of the tobacco barns of my youth, which served as country road
      advertising backdrops for the slogans of chewing tobacco purveyors.
      I am loath to think of an aircraft carrier being used as an
      advertising backdrop for a presidential political slogan, and yet
      that is what I saw.

      What I heard the President say also disturbed me. It may make for
      grand theater to describe Saddam Hussein as an ally of al Qaeda or to
      characterize the fall of Baghdad as a victory in the war on terror,
      but stirring rhetoric does not necessarily reflect sobering reality.
      Not one of the 19 September 11th hijackers was an Iraqi. In fact,
      there is not a shred of evidence to link the September 11 attack on
      the United States to Iraq. There is no doubt in my mind that Saddam
      Hussein was an evil despot who brought great suffering to the Iraqi
      people, and there is no doubt in my mind that he encouraged and
      rewarded acts of terrorism against Israel. But his crimes are not
      those of Osama bin Laden, and bringing Saddam Hussein to justice will
      not bring justice to the victims of 9-11. The United States has made
      great progress in its efforts to disrupt and destroy the al Qaeda
      terror network. We can take solace and satisfaction in that fact. We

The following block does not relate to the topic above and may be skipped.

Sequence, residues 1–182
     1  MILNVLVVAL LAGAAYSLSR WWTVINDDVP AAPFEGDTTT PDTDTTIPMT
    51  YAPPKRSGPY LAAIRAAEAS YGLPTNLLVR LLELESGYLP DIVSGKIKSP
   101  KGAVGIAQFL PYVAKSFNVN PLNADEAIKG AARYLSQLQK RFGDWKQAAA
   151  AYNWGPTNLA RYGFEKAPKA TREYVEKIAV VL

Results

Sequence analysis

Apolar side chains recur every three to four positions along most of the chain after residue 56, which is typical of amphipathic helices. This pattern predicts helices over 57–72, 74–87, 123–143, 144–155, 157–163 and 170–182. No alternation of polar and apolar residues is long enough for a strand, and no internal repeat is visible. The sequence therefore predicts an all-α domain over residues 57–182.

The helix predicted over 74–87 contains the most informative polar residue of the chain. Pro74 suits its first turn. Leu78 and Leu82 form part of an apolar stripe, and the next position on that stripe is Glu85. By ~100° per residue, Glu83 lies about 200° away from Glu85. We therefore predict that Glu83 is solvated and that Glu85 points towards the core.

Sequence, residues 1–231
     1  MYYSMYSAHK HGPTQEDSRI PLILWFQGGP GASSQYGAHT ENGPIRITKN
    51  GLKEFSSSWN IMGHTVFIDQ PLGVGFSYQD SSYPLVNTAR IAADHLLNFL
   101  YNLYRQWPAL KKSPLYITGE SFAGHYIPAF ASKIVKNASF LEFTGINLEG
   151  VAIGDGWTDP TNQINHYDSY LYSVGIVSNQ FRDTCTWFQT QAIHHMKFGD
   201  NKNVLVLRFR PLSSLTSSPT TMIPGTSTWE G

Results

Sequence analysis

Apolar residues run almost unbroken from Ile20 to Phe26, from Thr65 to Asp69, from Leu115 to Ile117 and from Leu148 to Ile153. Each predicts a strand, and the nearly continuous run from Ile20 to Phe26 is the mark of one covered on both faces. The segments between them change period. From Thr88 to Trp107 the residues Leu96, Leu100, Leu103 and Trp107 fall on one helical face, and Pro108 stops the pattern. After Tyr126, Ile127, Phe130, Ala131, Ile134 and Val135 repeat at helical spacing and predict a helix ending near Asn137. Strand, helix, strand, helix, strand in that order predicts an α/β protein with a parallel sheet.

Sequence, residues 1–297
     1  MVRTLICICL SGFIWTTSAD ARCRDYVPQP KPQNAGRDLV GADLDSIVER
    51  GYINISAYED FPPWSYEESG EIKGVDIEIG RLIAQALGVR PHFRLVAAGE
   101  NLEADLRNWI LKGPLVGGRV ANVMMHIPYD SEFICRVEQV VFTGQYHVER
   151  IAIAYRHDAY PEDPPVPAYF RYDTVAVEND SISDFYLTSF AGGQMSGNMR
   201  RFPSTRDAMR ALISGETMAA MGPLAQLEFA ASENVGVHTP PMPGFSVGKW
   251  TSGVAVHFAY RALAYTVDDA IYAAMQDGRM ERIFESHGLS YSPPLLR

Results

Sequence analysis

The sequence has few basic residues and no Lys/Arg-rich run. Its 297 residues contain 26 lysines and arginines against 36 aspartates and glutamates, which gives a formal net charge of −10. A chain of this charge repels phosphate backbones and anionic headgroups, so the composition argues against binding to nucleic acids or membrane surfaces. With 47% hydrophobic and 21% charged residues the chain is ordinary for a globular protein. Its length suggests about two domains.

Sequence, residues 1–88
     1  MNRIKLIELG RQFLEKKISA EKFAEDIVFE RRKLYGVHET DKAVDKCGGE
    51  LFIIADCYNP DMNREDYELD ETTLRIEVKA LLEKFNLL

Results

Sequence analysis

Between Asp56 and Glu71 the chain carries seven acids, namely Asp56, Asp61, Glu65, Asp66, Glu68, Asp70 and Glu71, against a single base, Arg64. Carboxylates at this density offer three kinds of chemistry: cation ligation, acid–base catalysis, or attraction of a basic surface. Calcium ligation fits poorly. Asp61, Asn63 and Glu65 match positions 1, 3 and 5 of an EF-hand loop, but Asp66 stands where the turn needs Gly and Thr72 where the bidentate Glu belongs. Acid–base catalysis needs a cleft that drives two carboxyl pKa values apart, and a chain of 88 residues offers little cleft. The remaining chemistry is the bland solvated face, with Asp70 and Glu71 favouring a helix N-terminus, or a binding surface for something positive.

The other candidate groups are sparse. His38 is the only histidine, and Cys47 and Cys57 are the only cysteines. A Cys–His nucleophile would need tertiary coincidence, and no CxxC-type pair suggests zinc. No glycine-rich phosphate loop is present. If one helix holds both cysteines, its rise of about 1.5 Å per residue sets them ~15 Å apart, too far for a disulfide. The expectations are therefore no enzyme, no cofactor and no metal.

should not risk tarnishing those very real accomplishments by
      trumpeting victory in Iraq as a victory over Osama bin Laden.

      We are reminded in the gospel of Saint Luke, "For unto whomsoever
      much is given, of him shall be much required." Surely the same can
      be said of any American president. We expect, nay demand, that our
      leaders be scrupulous in the truth and faithful to the facts. We do
      not seek theatrics or hyperbole. We do not require the stage
      management of our victories. The men and women of the United States
      military are to be saluted for their valor and sacrifice in Iraq.
      Their heroics and quiet resolve speak for themselves. The prowess and
      professionalism of America's military forces do not need to be
      embellished by the gaudy excesses of a political campaign.

      War is not theater, and victory is not a campaign slogan. I join with
      the President and all Americans in expressing heartfelt thanks and
      gratitude to our men and women in uniform for their service to our
      country, and for the sacrifices that they have made on our behalf.
      But on this point I differ with the President: I believe that our
      military forces deserve to be treated with respect and dignity, and
      not used as stage props to embellish a presidential speech.

      *****

      Democrats Question Cost of Bush's Sea Landing
      Wednesday, May 7, 2003

      WASHINGTON (Reuters) - Democrats in Congress on Wednesday demanded to
      know the costs of President Bush's jet landing on an aircraft carrier
      last week that they branded a costly political stunt.

      The Bush administration disclosed on Tuesday that Bush insisted on
      landing on the USS Lincoln in a S-3B Viking jet even though the
      carrier was within helicopter range because he wanted to share the
      pilots' experience. The ship was returning from the Gulf region after
      the U.S.-led war in Iraq.

      Democrats on the House of Representatives Appropriations Committee